Rooting for change: a simple guide to planting trees in your garden
21st Nov 2023
Trees are heroes of nature. They sustain wildlife, release oxygen, purify our air, and add beauty and wonder to the landscape. #NationalTreeWeek, which runs from November 25 to December 3, is the perfect time to plant your own tree and remind ourselves just how important they are to us. After all, learning more about all the incredible things trees do is an important first step on our journey to a greener, healthier and more sustainable future.
If you have a garden and have space, trees can be a wonderful addition, either in the ground or hedgerows or as a beautiful, iconic tree. So, we talked to Stuart Dainton, Head of Land Management and Estate at the National Forest, to find out his top tips for successful tree planting.
The most important thing to consider, he said, is planting the right tree in the right place, so doing your research is crucial. “You need to think about both above-ground growth and below-ground root expansion, as well as its impact on shade, light, and nearby structures,” he explained.
Why does ‘right tree, right place matter? Making sure that you’re planting the right tree in the right place for the right reasons is vital. We all know that growing more trees is good for us and for our planet – but growing more trees isn’t always as simple as it sounds. Different species of tree are suited to different soil types, weather conditions or areas and we want every tree planted to be able to thrive and play a positive role in its ecosystem.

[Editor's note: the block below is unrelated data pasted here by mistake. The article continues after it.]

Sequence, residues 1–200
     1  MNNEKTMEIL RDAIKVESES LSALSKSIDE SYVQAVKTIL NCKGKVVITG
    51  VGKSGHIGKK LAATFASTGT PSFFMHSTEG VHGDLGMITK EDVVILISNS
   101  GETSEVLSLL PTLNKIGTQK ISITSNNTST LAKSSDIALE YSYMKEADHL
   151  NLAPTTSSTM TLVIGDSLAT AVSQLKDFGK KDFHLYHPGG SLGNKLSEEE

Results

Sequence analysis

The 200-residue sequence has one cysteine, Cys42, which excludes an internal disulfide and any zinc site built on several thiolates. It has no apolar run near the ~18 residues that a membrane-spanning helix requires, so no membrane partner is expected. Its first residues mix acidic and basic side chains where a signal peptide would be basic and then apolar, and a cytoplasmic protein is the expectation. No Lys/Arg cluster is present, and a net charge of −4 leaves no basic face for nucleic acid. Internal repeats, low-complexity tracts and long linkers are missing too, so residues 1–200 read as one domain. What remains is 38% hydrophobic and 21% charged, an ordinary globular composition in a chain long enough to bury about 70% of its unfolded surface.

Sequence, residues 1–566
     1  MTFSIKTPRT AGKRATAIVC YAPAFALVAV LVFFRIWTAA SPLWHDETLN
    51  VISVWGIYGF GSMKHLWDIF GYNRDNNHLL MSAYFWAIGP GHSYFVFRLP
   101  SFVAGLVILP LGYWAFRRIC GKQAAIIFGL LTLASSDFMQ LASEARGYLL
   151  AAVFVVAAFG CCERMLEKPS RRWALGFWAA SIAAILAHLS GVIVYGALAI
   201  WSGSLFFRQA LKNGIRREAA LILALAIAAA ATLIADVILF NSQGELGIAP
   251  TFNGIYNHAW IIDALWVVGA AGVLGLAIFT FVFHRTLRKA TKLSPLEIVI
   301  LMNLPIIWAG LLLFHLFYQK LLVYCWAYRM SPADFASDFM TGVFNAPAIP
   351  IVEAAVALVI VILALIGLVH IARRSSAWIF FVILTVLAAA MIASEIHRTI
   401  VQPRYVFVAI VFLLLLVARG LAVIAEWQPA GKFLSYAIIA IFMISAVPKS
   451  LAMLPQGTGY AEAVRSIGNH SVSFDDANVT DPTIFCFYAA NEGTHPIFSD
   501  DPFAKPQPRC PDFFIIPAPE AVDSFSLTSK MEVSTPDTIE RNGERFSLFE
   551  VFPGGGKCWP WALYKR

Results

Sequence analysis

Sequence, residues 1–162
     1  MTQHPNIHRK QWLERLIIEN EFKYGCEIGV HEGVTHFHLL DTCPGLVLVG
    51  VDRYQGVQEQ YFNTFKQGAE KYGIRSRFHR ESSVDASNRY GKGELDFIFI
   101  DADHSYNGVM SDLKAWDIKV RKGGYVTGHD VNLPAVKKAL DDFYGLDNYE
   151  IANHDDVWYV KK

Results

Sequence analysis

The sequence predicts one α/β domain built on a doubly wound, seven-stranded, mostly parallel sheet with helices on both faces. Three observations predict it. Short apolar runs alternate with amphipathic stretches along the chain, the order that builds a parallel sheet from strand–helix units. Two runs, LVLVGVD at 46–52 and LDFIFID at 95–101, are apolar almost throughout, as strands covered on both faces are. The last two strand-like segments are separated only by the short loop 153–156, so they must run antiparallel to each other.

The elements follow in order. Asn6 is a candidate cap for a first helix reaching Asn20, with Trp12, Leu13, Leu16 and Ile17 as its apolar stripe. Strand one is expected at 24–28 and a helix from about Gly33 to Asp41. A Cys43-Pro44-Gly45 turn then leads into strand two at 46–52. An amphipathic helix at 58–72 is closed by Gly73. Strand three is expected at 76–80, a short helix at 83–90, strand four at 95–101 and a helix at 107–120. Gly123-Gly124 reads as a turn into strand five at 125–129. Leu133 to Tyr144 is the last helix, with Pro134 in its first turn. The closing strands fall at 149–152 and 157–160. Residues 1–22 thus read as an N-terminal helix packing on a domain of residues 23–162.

For many of us, the easiest option when thinking about where to plant a tree or hedge is a front or back garden. If you own your garden, you won’t need to ask permission from anyone to plant there and you’ll be able to make sure your new trees are looked after properly too. If you’re living in a rented property, you’ll need permission from the landowner before you’re able to plant a tree or hedge in your garden and you should think about what might happen to the garden (and your plants) in the future. For example, if you were to move out, would the landlord or next tenants be able to take care of the tree or hedgerow?
How much space is there? Ideally, you want your tree to be able to fully mature without needing to be cut or pruned. Mature trees don’t necessarily take up lots of space, but it’s important to consider whether your tree will at some point (even in the distant future) grow too large for the spot you’ve chosen.
Trees grow both in height and spread over 100 years or more, so can impact shade, light and building foundations. Remember too that over time the roots can extend outwards as much as twice the ultimate height of the tree. The amount of space below ground for the roots is important for the tree’s long-term health and stability, so make sure you take this into account. The shape and branching of the tree and the size and density of its leaves will affect light and shade, and how vigorously it grows and how much water it takes in from the ground could affect nearby buildings.